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If buying luxury furniture wasn’t expensive enough, there is always the high cost of hiring an interior decorator to create the well-appointed home of your dreams. Can’t you have both? Style, a perfect finish, and value in your furniture combined with the coordination and the awe sensation that you gain every time you are in that room. The satisfaction gained from having every lamp, table, and mirror acting as the perfect accent, like jewelry to the room. You can have that, and you can do it yourself.

My Aunt and Uncle were both accomplished architects in Pittsburgh and also in Virginia. They always told me to first consider lighting – I remembered the acronym RAT:


Depending on your goal, what you have in your room and the windows and the direction they face (North-South-East-West) will determine how you want to treat the light (both natural and artificial). If you decide to start decorating a room with a lot of windows facing strong sun exposure (either early morning or late afternoon) and it has wall marble floors (which will make for a lot of reflection) then you need to consider buying a real good pair of sunglasses or tuning things down a bit.

A good way to understand this is to look into RAT with a little more detail:

  • Reflection. Hard surfaces (for example: marble, tile and ceramic in white or very light colors) will have a tendency to reflect incoming natural light or artificial indoor light.
  • Absorption. Pourus surface materials (i.e. soft woods and heavy rugs and fabrics) will have a tendency to absorb light.
  • Transmission. Mirrors, white colors, and light marbles will also reflect light, both artificial and natural.

So, one should always consider how to treat the light as it enters the room naturally and what fixtures you use artificially to create light. In addition, you should not rely on one light source artificially. Specifically, try to create a mood with ceiling surface dimmers, wall sconces mounted more at eye level and floor lighting that projects up from the floor of the room. At the same time have fun with the fixture and consider one theme or style of fixture – don’t mix more than two! With that said, (and I should not say this) don’t crowd your room with TOO much furniture.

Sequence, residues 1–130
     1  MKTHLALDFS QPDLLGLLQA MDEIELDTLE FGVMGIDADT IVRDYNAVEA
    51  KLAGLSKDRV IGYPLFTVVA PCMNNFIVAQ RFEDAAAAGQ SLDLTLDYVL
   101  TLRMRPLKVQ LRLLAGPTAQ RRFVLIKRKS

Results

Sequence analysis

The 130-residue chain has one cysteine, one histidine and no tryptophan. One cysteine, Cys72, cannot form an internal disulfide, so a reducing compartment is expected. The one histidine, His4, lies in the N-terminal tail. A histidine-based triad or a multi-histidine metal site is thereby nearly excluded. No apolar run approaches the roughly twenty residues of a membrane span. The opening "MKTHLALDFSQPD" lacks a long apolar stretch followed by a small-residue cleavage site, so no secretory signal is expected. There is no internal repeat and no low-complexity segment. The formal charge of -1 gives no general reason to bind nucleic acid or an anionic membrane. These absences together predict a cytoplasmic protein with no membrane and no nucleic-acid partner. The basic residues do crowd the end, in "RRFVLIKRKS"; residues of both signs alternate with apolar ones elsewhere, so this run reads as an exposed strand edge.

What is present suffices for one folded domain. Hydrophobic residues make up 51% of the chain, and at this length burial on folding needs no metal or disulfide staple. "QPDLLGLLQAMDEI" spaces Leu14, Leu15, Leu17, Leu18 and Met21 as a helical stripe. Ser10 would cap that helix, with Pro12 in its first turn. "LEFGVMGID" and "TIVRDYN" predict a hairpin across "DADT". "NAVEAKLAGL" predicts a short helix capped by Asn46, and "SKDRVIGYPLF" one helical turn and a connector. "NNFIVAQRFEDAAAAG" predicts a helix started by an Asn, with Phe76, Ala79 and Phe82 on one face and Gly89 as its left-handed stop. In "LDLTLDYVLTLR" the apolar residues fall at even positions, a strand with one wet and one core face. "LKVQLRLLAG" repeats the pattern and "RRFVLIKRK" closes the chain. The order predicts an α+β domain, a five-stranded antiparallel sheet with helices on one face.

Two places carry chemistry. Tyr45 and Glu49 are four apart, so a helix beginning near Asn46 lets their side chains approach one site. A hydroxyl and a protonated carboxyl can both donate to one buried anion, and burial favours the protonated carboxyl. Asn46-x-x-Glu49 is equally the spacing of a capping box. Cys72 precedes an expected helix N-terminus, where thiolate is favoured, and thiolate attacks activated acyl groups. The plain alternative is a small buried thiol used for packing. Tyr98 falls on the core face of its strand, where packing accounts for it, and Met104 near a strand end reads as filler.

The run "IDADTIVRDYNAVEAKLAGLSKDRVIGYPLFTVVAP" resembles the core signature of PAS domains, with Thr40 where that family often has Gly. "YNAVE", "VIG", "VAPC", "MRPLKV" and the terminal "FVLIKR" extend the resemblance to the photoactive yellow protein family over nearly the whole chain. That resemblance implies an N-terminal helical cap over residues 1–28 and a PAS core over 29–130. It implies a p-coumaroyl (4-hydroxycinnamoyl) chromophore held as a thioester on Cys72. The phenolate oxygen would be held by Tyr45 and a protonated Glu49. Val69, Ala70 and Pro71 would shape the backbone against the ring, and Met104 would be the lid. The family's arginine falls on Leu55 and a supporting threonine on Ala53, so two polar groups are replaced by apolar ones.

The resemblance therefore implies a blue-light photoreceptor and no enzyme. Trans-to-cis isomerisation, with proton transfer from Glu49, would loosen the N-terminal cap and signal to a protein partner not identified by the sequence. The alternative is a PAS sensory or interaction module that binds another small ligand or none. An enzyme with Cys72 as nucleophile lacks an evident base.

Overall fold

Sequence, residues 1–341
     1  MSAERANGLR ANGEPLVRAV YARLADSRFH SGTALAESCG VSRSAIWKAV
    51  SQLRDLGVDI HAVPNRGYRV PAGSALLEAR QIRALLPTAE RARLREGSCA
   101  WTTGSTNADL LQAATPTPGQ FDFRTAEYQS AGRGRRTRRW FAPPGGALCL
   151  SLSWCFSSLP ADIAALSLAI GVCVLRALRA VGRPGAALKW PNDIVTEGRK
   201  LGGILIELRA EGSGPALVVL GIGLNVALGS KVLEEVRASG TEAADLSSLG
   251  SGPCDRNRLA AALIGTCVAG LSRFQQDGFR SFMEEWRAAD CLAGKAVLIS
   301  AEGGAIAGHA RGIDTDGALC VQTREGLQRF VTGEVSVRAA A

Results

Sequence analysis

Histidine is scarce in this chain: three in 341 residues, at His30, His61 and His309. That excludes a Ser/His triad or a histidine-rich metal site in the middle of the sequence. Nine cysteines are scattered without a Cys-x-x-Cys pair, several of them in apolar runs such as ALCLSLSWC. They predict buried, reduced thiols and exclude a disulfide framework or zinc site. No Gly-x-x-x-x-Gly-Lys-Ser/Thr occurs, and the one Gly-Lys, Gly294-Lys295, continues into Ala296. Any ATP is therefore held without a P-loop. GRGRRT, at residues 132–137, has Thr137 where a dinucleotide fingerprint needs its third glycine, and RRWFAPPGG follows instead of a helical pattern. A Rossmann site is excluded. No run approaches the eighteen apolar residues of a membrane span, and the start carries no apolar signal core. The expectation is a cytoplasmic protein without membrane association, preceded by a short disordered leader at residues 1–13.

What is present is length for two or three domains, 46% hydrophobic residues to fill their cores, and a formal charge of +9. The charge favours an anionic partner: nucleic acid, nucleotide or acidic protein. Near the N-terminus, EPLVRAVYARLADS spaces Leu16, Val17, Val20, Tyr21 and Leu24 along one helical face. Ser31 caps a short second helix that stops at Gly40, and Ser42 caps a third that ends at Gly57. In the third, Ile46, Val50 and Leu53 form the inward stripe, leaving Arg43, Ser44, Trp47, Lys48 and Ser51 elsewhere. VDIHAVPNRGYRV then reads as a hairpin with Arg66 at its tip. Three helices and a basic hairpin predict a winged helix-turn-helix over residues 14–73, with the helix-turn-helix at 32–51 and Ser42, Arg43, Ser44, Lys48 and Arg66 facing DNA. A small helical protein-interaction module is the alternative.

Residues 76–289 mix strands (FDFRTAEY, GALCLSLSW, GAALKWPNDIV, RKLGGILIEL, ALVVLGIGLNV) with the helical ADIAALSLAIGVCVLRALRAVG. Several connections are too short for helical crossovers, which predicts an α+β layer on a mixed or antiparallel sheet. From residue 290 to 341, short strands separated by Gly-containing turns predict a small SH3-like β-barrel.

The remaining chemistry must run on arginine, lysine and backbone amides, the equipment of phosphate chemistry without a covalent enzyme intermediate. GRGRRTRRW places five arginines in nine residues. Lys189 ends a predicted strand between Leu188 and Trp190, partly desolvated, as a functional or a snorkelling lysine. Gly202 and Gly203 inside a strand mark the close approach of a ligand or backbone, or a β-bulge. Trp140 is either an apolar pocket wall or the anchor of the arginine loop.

Remember, it is better to have fewer “exceptional” quality pieces than a lot of “ordinary’ case goods or upholstered furniture.

Another very important consideration should be function – I state that function should precede style. Starting with a simple floor plan and using graph paper to help make this easy. Consider if the room(s) need to serve more than one function.

Scale is a common mistake that most people make when decorating. The famous Mario Buatta states that the mistake that most people always make is that they are not scaling. He goes on to say that most people never scale furniture correctly and…ready for this…it’s usually too small! He goes on to say that they don’t buy quality upholstery or the best quality furniture.

Regarding my experience, people do not have a master plan when it comes to decorating. Most folks do not take into consideration the flow between your rooms. As a result, people need to consider color contrast (especially between adjoining rooms and areas) instead of doing piece meal (provided of course that your budget will allow this if you need to change other areas.)

You need to think about how you will unite the spaces and consider that cohesion for all of the rooms. Some suggestions: